Irons, who plans to pursue medical oncology as a specialty and spent time before medical school working with cancer patients, said the event also offers students a chance to see the realities of what some patients face and an opportunity to pause and look at the bigger picture.

“As future health care leaders, it is important to remember why we are here,” he said. “We entered the health care field to improve the lives of others. To become a well-rounded physician, I believe it is important to be involved outside of the classroom. There are endless opportunities to support our patient population here in Greenville, and I would encourage all health sciences students to lend a hand in these efforts.”

Dr. Cathleen Cook, Brody clinical associate professor of pediatric hematology/oncology and faculty advisor for Pirates vs. Cancer, said the event gives students exposure to the care of pediatric patients right here in eastern North Carolina.

“This fundraiser allows them the chance to see their financial contributions directly help these children while they are hospitalized in James and Connie Maynard Children’s Hospital and cared for in our ECU Pediatric Hematology/Oncology Clinic,” Cook said.

Previous donations through the event, she added, have been used to remodel an inpatient playroom, a space of respite for patients undergoing treatment. Pirates vs. Cancer also helps fund a portion of summer camps for pediatric hematology and oncology patients — Camp Rainbow and Camp Hope.

“Often, donors and volunteers are unaware of the administrative costs that are allocated from the proceeds and not able to see their donations at work,” Cook said. “For Pirates vs Cancer, 100% of the donations are re-invested in our pediatric patients, most specifically our oncology patients. It is my vision to continue to engage these future physicians annually and help support their goal of expanding this fundraiser.”

Brody student Katie Holt decided to get involved with the event to make an impact beyond fundraising. She served as this year’s president of Pirates vs. Cancer.

“Helping to put on this event is awe-inspiring because it puts into perspective the actual size of the Brody and health sciences community,” Holt said. “Applying to Brody, you are frequently told about the passion of the community in serving Greenville and eastern North Carolina. Helping to organize this event gives you a front-row seat to this passion in action.”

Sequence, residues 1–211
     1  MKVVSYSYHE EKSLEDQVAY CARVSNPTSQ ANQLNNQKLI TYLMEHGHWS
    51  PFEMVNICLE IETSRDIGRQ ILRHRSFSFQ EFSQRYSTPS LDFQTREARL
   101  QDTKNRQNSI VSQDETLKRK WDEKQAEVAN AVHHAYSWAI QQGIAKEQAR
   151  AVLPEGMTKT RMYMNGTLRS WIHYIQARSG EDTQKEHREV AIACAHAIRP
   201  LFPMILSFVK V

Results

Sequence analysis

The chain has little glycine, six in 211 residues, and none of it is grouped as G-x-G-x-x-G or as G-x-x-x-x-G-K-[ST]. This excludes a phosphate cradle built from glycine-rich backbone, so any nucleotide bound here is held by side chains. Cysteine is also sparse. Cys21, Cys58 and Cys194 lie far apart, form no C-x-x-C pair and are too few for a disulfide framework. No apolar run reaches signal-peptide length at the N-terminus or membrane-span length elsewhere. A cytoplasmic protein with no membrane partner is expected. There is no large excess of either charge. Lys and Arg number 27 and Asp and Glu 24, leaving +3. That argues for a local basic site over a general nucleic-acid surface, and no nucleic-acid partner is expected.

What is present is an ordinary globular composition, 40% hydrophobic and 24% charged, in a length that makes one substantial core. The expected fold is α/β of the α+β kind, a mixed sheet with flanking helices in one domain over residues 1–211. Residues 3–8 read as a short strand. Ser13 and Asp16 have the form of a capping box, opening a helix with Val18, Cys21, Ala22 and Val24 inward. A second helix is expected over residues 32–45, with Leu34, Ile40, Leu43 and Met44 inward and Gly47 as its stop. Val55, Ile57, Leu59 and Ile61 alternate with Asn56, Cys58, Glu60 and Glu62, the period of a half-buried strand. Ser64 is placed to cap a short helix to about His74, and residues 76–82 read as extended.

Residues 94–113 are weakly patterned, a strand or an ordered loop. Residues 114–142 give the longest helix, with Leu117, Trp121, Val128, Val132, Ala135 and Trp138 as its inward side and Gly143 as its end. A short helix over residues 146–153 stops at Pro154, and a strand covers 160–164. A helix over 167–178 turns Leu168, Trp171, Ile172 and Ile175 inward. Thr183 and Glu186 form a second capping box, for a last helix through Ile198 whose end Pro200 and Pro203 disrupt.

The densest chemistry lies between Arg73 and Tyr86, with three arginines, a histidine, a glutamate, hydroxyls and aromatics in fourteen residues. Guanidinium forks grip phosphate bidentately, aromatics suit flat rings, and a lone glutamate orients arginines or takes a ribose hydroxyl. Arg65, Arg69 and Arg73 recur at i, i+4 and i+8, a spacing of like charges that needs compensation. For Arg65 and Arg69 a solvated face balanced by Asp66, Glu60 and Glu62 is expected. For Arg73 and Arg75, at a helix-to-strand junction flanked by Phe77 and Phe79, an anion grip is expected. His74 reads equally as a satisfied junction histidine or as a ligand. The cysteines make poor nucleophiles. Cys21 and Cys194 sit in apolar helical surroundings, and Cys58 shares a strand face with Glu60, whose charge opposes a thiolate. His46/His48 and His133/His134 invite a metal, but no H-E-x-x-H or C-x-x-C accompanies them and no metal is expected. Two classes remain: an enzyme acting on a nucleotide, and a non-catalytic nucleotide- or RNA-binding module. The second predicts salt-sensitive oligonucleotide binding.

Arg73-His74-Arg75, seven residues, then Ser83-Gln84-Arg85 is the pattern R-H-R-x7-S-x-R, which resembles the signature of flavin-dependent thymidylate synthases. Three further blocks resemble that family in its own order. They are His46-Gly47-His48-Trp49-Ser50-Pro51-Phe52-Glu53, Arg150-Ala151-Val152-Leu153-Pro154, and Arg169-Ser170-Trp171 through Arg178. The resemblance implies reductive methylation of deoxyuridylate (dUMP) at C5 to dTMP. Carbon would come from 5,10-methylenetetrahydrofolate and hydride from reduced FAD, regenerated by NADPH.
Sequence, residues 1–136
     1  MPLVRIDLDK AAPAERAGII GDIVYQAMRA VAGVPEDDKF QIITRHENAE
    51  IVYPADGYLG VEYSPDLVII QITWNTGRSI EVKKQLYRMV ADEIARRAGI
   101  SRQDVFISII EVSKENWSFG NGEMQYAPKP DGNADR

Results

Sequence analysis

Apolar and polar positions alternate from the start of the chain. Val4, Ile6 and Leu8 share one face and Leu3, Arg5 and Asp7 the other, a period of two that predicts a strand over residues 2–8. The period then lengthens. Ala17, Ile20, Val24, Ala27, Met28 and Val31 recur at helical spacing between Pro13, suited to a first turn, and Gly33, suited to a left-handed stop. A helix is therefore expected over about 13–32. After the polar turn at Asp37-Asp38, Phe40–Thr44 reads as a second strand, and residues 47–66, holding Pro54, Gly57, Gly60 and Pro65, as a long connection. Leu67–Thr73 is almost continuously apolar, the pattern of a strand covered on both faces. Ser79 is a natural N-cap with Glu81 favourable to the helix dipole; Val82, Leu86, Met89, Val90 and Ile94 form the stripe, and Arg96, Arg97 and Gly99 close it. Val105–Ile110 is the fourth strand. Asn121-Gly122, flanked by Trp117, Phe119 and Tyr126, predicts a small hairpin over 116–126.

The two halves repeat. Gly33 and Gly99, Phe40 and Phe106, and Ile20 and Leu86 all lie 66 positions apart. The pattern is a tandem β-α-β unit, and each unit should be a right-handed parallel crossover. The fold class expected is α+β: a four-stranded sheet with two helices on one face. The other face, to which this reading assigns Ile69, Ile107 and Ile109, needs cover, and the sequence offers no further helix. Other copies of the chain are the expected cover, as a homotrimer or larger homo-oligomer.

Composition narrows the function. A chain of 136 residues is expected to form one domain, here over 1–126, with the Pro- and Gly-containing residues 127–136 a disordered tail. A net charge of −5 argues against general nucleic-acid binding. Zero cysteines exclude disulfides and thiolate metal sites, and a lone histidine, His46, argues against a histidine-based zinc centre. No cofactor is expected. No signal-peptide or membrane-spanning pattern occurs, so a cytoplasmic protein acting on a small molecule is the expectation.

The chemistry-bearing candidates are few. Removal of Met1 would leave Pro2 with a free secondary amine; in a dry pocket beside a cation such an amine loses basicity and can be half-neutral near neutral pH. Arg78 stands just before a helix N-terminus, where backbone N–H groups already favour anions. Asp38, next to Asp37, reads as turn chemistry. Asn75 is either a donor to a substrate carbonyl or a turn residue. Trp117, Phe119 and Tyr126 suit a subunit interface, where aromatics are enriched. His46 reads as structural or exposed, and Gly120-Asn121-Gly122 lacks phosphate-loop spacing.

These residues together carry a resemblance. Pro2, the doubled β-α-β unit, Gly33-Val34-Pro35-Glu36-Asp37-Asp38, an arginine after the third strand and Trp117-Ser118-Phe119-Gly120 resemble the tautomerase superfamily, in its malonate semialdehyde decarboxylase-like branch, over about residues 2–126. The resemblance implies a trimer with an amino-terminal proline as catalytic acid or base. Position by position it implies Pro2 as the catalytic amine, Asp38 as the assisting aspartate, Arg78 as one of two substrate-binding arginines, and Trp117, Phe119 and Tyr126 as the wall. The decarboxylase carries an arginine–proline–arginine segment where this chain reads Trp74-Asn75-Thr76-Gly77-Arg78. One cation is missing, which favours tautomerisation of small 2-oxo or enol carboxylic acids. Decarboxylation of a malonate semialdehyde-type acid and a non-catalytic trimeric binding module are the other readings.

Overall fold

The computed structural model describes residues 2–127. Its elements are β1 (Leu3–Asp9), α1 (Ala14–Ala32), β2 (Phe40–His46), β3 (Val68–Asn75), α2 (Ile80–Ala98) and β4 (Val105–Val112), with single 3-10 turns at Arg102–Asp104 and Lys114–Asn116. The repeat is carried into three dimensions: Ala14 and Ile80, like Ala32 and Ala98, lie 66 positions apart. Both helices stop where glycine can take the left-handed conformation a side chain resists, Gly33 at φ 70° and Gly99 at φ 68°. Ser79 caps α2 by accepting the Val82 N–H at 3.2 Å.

Holt said the annual event has caught on across the community.

“People I have never met have reached out to us to offer their help,” she said. “Businesses across the community donate their time and money. Employees from all different departments buy T-shirts to support us. Students across the many health sciences schools donate their hair. The event has shown us firsthand that ECU doesn’t just talk about serving others but goes above and beyond to invest in its community.”

Holt said the event, in addition to benefiting pediatric cancer patients, helps center medical students and remind them why they chose health care careers.

“Serving others, through this event or another community service program, benefits the community as well as serves to fight burnout and protect your mental health,” she said. “I know it has done this for me and many others on the Pirates vs. Cancer team by connecting us to something bigger than ourselves and keeping our sights fixed on a point beyond the next test.”

Uhlir said the event brings participants full circle in seeing their own life journeys while also understanding the magnitude of the battles other people face.

“It is both humbling and inspiring. As medical students, we often lose sight of the big picture. These patients have been through so much, so it is an amazing opportunity to be able to support them directly,” she said. “I also think back to all of the children I have known both personally and indirectly from the time I was a kid myself until now, and how this is such a great way of honoring their spirits.”